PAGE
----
There are two options to stay alive when a person has end stage renal disease (ESRD): dialysis or a kidney transplant. If a person with this last stage of chronic kidney disease (CKD) qualifies for and decides on a transplant he or she can go on a waiting list to receive a kidney from a deceased donor, or ask friends and family if they are willing to donate a kidney.
There’s a lot to think about when making this important decision of becoming a living donor. So, what’s it like to donate a kidney?
The first requirement is good health. You must have normal kidney function and anatomy. Potential kidney donors will have a comprehensive physical examination. A psychological evaluation will be required to insure the potential donor’s mental health. Here is a list of what you may need to do if you want to donate a kidney:
Test results will be evaluated by the kidney transplant team. The team is composed of nephrologists, surgeons, nurses, social workers and financial counselors who will determine if the potential kidney donor is a good match.
Kidney donors may have a wide range of emotions, including joy, relief, anxiety or a sense of loss throughout the process. Even if you are elated at the thought of giving the gift of life, as a potential kidney donor you should have a support system throughout the process. Family, friends, spiritual guidance, organized support groups and mental health counseling can be helpful.
If you are matched with a kidney recipient, surgery is usually scheduled in 4-8 weeks. You will undergo a nephrectomy, or kidney removal surgery. The transplant team will explain the procedure in detail when the surgery date is set.
There are two methods to remove a kidney: an open nephrectomy and a laparoscopic nephrectomy.
In an open nephrectomy, an incision approximately 12 inches long is made in the abdomen. Sometimes the surgeon must remove a rib. The ureter (the tube that carries urine from the kidney to the bladder) is cut between the bladder and the kidney, and blood vessels are cut and clamped before the kidney is removed. The incision is closed with stitches or staples. The procedure can take up to three hours. Some benefits of open nephrectomy include:
Laparoscopic nephrectomy is minimally invasive. It uses a wand-like camera called a laparoscope to view the abdominal cavity. The kidney is then removed through a small incision. Laparoscopic surgery takes approximately two hours. Its advantages are:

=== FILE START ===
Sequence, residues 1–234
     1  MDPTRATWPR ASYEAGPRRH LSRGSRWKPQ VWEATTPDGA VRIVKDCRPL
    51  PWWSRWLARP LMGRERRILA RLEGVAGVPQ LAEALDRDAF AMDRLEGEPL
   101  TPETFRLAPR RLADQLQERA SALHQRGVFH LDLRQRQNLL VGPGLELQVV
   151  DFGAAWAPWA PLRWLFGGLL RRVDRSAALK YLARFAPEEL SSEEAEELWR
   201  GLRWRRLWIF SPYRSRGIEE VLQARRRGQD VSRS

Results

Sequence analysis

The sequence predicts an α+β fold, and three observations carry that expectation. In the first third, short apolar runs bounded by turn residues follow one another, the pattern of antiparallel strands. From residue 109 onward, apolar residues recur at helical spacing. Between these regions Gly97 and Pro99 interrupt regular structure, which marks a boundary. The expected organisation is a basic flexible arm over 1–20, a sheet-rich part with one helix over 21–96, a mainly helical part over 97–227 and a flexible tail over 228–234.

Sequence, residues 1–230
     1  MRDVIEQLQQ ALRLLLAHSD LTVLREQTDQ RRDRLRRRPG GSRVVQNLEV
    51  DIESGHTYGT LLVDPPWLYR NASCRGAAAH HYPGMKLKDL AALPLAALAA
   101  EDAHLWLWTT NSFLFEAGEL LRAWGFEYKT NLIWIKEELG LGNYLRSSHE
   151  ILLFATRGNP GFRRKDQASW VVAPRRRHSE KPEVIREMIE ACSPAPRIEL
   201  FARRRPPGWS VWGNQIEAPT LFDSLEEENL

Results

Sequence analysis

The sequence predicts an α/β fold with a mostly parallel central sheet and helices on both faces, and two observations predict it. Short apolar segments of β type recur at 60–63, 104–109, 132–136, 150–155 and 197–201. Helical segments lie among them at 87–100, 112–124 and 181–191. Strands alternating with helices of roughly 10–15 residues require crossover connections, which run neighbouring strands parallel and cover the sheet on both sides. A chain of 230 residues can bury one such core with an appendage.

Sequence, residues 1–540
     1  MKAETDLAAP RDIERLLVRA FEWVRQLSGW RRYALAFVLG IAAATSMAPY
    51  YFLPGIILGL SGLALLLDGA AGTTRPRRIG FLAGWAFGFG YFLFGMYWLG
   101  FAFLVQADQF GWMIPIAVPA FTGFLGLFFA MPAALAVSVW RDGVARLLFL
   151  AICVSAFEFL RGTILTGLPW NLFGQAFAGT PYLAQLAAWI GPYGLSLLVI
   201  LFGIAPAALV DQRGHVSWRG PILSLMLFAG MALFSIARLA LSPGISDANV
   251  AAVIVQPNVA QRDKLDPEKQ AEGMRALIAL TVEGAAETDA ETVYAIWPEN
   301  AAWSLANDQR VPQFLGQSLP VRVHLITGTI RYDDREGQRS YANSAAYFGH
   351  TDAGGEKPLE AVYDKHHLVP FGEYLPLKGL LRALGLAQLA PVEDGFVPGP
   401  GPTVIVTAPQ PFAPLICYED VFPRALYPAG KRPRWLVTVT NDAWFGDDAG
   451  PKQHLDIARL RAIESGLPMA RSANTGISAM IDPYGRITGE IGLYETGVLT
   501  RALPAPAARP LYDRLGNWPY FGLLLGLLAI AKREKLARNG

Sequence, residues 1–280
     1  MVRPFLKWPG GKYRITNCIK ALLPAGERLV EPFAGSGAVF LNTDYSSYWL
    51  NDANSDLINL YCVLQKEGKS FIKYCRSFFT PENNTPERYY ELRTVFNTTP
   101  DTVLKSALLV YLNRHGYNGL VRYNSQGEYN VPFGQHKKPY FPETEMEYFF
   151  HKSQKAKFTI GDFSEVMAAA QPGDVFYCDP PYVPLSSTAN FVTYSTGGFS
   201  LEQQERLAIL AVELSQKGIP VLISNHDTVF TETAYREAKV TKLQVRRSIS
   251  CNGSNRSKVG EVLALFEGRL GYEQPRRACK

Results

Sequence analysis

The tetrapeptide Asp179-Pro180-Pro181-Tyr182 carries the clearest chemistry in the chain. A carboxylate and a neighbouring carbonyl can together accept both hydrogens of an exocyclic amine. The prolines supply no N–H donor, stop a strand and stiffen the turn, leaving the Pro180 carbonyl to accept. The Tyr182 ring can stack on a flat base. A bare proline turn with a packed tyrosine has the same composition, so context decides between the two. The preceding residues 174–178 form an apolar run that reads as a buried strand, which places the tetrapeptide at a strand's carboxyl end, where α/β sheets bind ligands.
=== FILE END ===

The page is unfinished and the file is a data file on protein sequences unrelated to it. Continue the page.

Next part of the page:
A kidney donor is required to stay in the hospital for 2-7 days, depending on the type of nephrectomy performed and donor’s rate of recovery. Your health care team will carefully monitor your kidney function, blood pressure, electrolytes and fluid balance during your stay.
It is common to experience discomfort and numbness caused by severed nerves near the incision area. Pain relievers will be available for you throughout the recovery process. Deep breathing and coughing may cause discomfort because the incision is near the diaphragm, but breathing exercises can prevent pneumonia. Movement may be encouraged as soon as you’re able in order to reduce the risk of blood clots.
Kidney transplant teams do everything they can to minimize risks to donors with the intensive pre-testing and screening we’ve described. But every surgery has risks. Possible complications of kidney transplantation include:
You may feel tenderness, itching and some pain as the incision heals. Every kidney donor recovers at a different rate. It’s important to consult with a doctor to determine an appropriate activity level during recovery. Heavy lifting is not recommended for six weeks following the surgery.
The Mayo Clinic recommends a follow-up evaluation 6-9 months after the surgery. A nephrologist will check kidney function through blood work and a urine sample.
Most kidney donors live long, healthy lives. It is important for a donor to alert all their doctors and pharmacists about the donation, and to have regular appointments to monitor blood pressure and kidney function. As long as a donor exercises and maintains a healthy weight, there should be no need for dietary restrictions.
Your remaining kidney will eventually grow to compensate for the missing kidney. Having a single, larger kidney can make you more vulnerable to injury so many contact sports should be avoided. Talk with your doctor about which activities you can participate in safely.
In fact, according to a study announced by The Johns Hopkins University School of Medicine in March 2010, "researchers have found the procedure carries very little medical risk and that, in the long term, people who donate one of their kidneys are likely to live just as long as those who have two healthy ones."
Giving life by becoming a kidney donor can be very rewarding. You are providing a person the chance to live without the help of dialysis. When you consider donating a kidney, remember that you will go through a concentrated evaluation process by a kidney transplant team. They will check that you are physically and emotionally ready to donate; they want to be sure you will continue a healthy life and the recipient gets the best kidney for his or her body. If you are thinking about changing a person’s life by becoming a donor, it’s important to gather all the facts and establish a support network. To get support online, join myDaVita.com where you may find others in your same situation.
This site is for informational purposes only and is not intended to be a substitute for medical advice from a physician.
Please check with a physician if you need a diagnosis and/or for treatments as well as information regarding your specific condition. If you are experiencing urgent medical conditions, call 9-1-1